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Whose Yard is it Anyway?

Can associations restrict the free speech of owners in their own front yards?

By Sarah A. Kyriakedes, Esq. 

This article first appeared in the Fall 2021 Issue of The Communicator here.

For individuals residing in common interest developments, the constitutional right to free speech is not applicable. While many believe that they have a right to freely express themselves by posting signs, banners, flags, and religious symbols on their own properties, they may be surprised to learn that their homeowners and condominium associations are not bound by the free speech clauses contained within the federal and state constitutions. Though, in California, this does not mean that residents automatically lose their free speech rights when they move into their associations, because the Davis-Stirling Act safeguards many of the same rights that are enjoyed by citizens residing outside of common interest developments.


Both the state and federal constitutions prohibit state actors (i.e., the government) from restricting free speech, but these constitutional protections do not generally apply to purely private actors, like homeowners associations and condominium associations. Throughout the years, numerous exceptions to this general rule have been made. In Marsh v. Alabama (1946) 326 U.S. 501, the United States Supreme Court held that a "company town," even though privately organized, provided many services typically reserved to a city; therefore, the private town was bound to abide by the First Amendment. The California Supreme Court has gone even further to hold that the state constitution affords broader protections than the U.S. Constitution by protecting free speech rights on privately owned property when such property is freely and openly accessible to the public. (Golden Gateway Center v. Golden Gateway Tenants Association [2001] 26 Cal.4th 1013.) Despite these rulings, most common interest developments will continue to be viewed private actors that are not subject to the same constitutional restraints as the government, because they are private organizations that are not freely and openly accessible to the public.


Regardless of whether the federal and state constitutional protections apply, the California legislature has enacted various statutes that prevent common interest developments from infringing on the free speech rights of their members. These state protections are consistent with our country’s "special respect for individual liberty in the home [which] has long been a part of this Nation’s culture and law…" (City of Ladue v. Gilleo [1994] 512 U.S. 43, 44.). These statutes vary depending on the type of speech at-issue: (i) noncommercial speech; (ii) commercial speech; (iii) religious symbols; and (iv) the display of U.S. flags.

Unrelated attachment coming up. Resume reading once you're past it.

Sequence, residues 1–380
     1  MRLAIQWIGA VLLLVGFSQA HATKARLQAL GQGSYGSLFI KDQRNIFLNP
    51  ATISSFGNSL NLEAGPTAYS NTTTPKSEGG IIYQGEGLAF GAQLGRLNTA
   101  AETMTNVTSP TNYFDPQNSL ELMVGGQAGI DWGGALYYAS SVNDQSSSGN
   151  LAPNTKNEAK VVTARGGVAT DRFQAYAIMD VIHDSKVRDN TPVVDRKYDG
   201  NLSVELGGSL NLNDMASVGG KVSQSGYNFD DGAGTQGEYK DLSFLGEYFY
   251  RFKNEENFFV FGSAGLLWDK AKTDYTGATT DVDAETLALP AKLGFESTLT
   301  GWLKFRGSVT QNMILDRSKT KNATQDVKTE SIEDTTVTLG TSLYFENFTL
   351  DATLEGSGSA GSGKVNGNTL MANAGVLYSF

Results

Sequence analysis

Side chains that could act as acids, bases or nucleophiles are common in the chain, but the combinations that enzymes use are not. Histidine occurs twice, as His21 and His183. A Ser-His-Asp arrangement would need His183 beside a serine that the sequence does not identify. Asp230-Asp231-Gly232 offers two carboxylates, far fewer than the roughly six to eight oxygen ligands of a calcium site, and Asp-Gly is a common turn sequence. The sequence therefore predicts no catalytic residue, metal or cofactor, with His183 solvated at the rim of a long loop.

California Civil Code, section 4710 states that associations may not prohibit residents from posting or displaying noncommercial signs, posters, flags, or banners (collectively referred to as "signs") on their separate interest properties. However, the statute provides that signs may be banned if posting or displaying the same would violate any local, state, or federal law or jeopardize the public health or safety. These exceptions would most likely allow associations to prohibit residents from posting signs with obscenity or with language that is likely to incite violence.

The statute goes on to list acceptable signage materials (i.e., paper, cardboard, cloth, plastic, and fabric are acceptable, but not lights, roofing, siding, paving materials, flora, balloons, or any other similar building, landscaping, or decorative component or include the painting of architectural surfaces), and it also sets forth acceptable locations for posting (i.e., yard, window, door, balcony, or outside wall of the separate interest). The statute only permits the posting of signs on members’ separate interest properties; therefore, residents of condominium units are not likely permitted to post on their balconies, doors, yards, or walls as those areas may be considered a part of the common area or exclusive use common area, depending on the association’s unique condominium plan. In some cases, condominium residents may only be able to post noncommercial signs on their windows.

Finally, the statute permits associations to impose size restrictions: associations may ban noncommercial signs and posters that are more than nine square feet and noncommercial flags or banners that are more than 15 feet. The statute does not contain any language regarding the number of signs, but associations may always impose "reasonable restrictions" on the same. Restricting the number of signs would likely be viewed as reasonable, as such a restriction is consistent with the statute’s other regulations on size and location.